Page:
The case for investing in water

Oct 16th, 2020 | By | Category: Equities

By Tianyin Cheng, Senior Director, Strategy and Volatility Indices, S&P Dow Jones Indices.

The case for investing in water

The case for investing in water

Water is essential to the production and delivery of nearly all goods and services. Many businesses are reliant on a sufficient flow of clean water to operate and realize their growth ambitions.

Overconsumption of water, water pollution, environmental degradation, and changing climatic conditions are making clean water an increasingly scarce resource.

As the world population grows and competition for water resources between industry sectors intensifies, nations are set to experience a 40% shortfall in water by 2030.

As these demands for clean water increase, companies involved in water-related business activities stand to grow in the coming years. Allocation to water can be systematically captured by rules-based, transparent index construction. Market participants could utilize index-linked water strategies to gain exposure to water, manage water risk, express their sustainability views, or allocate as part of a broader natural resource theme.

The S&P Global Water Index is designed to track 50 of the largest publicly traded companies involved in water-related business activities through two distinct clusters: Water Utilities & Infrastructure and Water Equipment & Materials.

Source: S&P Dow Jones Indices.

The underlying universe consists of securities trading on a developed market exchange with a minimum three-month average daily value traded of $1 million ($500,000 for current constituents), a total market capitalization of $250 million, and a float-adjusted market capitalization of $100 million after each rebalancing.


Invesco S&P Global Water Index ETF (CGW US)

– Tracks the S&P Global Water Index, providing exposure
to the 50 largest global companies involved in water-
related businesses across utilities & infrastructure and
water equipment & materials sectors.

– Houses $730m AUM and comes with an expense ratio
of 0.62%.

Given that companies can have multiple business segments and not all may derive from water-related business, it is helpful to separate those with pure exposure to water and those with mixed exposure.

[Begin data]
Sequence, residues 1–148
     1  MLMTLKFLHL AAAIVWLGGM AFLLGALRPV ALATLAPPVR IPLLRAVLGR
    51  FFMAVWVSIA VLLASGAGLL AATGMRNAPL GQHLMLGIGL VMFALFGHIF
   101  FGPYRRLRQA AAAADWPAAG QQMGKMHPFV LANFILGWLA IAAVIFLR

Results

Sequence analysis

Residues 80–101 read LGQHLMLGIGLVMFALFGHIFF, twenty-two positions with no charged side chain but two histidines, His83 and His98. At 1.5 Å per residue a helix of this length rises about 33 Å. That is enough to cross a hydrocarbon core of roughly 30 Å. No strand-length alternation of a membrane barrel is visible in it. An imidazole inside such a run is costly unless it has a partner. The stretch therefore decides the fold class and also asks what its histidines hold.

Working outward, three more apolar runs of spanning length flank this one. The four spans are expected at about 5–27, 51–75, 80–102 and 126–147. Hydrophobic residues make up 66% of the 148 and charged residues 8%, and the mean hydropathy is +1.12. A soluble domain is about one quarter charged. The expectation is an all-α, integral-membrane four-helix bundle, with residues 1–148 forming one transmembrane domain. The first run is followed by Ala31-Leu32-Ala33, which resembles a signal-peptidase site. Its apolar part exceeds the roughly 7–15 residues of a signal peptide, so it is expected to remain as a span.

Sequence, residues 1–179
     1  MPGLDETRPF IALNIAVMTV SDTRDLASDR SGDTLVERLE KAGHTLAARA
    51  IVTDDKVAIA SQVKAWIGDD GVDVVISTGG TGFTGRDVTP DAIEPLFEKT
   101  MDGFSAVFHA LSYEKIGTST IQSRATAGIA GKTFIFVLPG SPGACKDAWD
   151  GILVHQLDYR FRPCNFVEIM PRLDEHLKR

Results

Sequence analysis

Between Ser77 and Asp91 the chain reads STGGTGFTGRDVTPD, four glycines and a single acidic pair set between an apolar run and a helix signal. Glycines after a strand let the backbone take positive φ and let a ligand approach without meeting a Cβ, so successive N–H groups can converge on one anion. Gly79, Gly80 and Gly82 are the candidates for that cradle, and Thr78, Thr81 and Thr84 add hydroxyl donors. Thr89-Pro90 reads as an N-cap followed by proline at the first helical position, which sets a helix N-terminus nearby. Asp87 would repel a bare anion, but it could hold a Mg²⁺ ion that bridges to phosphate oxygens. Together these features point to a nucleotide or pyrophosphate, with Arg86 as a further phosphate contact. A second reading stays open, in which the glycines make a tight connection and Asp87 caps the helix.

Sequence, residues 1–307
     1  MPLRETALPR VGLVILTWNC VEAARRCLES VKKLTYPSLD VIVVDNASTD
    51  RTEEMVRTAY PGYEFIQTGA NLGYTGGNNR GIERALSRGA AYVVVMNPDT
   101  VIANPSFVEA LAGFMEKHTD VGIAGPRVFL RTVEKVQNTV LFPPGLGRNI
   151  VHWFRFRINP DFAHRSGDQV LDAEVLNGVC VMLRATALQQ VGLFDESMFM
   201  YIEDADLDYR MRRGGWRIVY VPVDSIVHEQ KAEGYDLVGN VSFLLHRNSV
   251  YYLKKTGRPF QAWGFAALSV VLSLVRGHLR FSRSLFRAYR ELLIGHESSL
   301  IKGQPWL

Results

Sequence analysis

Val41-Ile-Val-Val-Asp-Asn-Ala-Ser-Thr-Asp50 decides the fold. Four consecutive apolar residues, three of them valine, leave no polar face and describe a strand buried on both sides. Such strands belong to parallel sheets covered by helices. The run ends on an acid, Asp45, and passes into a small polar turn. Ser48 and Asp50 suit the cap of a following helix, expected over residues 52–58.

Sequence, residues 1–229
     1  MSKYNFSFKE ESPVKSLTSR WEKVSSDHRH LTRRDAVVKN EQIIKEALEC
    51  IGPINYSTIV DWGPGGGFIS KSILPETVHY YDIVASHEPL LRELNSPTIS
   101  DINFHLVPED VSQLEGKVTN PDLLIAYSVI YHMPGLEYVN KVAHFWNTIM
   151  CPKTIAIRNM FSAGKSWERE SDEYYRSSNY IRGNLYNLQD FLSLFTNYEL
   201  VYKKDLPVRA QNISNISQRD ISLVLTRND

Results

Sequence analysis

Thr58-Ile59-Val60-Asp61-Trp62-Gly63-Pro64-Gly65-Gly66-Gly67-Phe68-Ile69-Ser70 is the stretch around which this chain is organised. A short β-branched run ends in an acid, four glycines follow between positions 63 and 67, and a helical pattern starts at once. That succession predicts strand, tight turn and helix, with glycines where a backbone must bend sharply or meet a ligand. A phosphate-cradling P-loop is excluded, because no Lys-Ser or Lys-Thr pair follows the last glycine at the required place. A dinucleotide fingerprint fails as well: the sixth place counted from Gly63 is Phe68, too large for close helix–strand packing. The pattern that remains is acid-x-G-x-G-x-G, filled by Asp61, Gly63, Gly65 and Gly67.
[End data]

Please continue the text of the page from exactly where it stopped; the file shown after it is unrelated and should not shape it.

Hence, we assign an exposure score of 1.0, 0.5, or 0 for each company, based on its primary business, and select and weight companies based on their exposure score and market capitalization.

Hence, the index attempts to provide a balanced, yet reflective view of the global water market by recognizing the full ecosystem of companies and pure-play names to be more focused areas.

Over a long-term investment horizon, the S&P Global Water Index performed better than the broad-based global equity benchmark, the S&P Global BMI, by 3.04% per year since its inception on Nov. 30, 2001 (see Exhibit 2).

Source: S&P Dow Jones Indices.

The S&P Global Water Index demonstrated stronger defensive characteristics than the global equities market, with a lower downside capture ratio and higher upside capture ratio (see Exhibit 3).

Source: S&P Dow Jones Indices.

The S&P Global Water Index also provided favorable risk/return characteristics over the long run compared with key traditional asset classes, including real estate, small-cap equities, international equities, emerging market equities, and gold (see Exhibit 4). The favorable long-term risk/return characteristics compared with the S&P Global Natural Resources Index could be attractive for investors looking to diversify from other natural resource exposure.

Source: S&P Dow Jones Indices.

(The views expressed here are those of the author and do not necessarily reflect those of ETF Strategy.)

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